By Steve Large

SACRAMENTO (CBS13) — A planned six-story student-housing complex near the Sacramento State campus is drawing scrutiny from neighbors concerned it will force several 100-foot tall redwood trees to be cut down.

Now a group of River Park neighborhood advocates is sounding the alarm to protect the trees. Kate Riley is a part of the River Park Tree Canopy Project.

“I mean if anyone could just stand here and say ‘yeah, no this one should go,’ I just don’t understand that,” Riley said. “These trees need to be saved.”

The majestic redwoods at the corner of J Street and Carlson Drive stand more than 100 feet tall. They are half a century old. They are also on the footprint of a proposed big new housing complex proposed to go up right across the street from the Sacramento State J Street entrance.

A rendering of the proposed student housing. credit: Peak Campus.

“Sacramento is the city of trees, so if we can’t save these trees, what trees can we save?” Riley said.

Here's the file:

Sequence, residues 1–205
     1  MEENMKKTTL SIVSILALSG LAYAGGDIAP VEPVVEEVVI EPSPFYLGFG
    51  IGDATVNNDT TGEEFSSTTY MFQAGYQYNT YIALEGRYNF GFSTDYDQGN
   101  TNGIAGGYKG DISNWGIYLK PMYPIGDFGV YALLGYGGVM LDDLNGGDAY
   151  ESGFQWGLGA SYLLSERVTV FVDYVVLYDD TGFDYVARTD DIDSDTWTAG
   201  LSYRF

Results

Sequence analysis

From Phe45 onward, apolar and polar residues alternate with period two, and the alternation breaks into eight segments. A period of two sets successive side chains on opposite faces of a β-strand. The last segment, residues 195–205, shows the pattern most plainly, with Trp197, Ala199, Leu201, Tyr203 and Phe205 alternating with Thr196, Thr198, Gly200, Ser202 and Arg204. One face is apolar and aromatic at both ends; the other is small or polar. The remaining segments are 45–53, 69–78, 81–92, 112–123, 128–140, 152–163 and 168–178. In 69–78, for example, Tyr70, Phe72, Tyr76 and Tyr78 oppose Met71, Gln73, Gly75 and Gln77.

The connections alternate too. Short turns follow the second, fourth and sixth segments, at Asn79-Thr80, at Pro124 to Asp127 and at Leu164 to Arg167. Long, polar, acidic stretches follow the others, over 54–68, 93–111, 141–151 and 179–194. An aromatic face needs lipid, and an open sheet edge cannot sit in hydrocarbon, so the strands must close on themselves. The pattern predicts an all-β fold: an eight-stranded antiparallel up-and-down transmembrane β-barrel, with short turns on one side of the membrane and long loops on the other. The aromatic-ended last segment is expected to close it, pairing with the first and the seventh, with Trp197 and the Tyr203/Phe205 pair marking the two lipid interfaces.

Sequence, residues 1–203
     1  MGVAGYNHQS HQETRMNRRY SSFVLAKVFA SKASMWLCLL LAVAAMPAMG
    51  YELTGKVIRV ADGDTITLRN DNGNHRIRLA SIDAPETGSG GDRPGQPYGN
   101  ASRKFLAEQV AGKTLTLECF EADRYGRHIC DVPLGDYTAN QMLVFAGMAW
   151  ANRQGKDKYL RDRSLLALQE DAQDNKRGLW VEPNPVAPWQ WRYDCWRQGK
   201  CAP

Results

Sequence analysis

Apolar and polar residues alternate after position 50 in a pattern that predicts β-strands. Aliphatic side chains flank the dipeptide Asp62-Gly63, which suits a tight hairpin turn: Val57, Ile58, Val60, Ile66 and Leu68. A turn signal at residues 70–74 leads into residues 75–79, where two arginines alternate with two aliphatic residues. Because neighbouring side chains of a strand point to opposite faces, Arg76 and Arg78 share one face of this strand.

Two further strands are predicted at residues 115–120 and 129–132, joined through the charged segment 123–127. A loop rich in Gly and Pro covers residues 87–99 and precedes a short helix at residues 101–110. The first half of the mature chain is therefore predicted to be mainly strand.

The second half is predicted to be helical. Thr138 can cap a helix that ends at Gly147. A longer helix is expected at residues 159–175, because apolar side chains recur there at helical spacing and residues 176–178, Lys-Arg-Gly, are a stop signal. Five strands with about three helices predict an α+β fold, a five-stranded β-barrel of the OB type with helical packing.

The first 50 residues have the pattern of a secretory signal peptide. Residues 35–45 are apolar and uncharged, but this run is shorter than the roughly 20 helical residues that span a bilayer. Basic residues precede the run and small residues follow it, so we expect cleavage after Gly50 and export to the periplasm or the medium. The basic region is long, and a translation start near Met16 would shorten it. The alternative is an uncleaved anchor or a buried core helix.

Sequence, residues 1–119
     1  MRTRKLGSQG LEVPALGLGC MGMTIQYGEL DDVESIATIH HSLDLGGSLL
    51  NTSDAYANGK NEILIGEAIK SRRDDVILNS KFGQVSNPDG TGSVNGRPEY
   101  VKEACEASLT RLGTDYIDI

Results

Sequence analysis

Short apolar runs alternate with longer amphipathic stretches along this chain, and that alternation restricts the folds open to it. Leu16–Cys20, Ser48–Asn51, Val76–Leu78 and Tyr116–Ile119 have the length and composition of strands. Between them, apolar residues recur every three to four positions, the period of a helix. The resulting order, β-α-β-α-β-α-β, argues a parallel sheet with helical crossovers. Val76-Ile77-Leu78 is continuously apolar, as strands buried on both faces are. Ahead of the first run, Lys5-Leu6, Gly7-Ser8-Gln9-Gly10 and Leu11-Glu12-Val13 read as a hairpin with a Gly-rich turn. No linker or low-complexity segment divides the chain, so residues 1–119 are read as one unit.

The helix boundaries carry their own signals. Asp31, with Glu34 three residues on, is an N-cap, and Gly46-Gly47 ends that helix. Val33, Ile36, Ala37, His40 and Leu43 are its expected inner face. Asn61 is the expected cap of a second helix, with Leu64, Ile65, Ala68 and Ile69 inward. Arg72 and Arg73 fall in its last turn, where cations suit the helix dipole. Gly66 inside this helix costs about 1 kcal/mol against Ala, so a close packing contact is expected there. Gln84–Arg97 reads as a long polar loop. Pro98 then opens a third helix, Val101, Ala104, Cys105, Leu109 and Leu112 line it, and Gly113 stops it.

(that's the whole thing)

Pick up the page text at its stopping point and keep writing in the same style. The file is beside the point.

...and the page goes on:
John Hodgson works for the student housing company ‘Peak Campus’ that is developing the new housing 565-bed complex.

“We’re in the very preliminary stages,” Hodgson said. “This is the project that makes the most sense. It’s designed the best. It provides the most amenities.”

Hodgson says if the redwood trees stay, they would take away from a development aimed at reducing the carbon footprint- of student commutes.

A rendering of the proposed student housing. credit: Peak Campus.

Councilmember Jeff Harris wrote the Sacramento City Tree Ordinance and lives in the River Park neighborhood where the homeowners are raising the redwood concerns.

“What can we get for the immediate neighborhood to mitigate this loss?” Harris said. “I just want to have this conversation before people say no.”

Planned state-of-the-art Sacramento State student housing, standing in the same spot as soaring redwoods that are now at risk.

“It will be a very different place to live,” Riley said.

The developer does plan on more community outreach before going to the planning commission. The proposal calls for construction to start by the end of next year.

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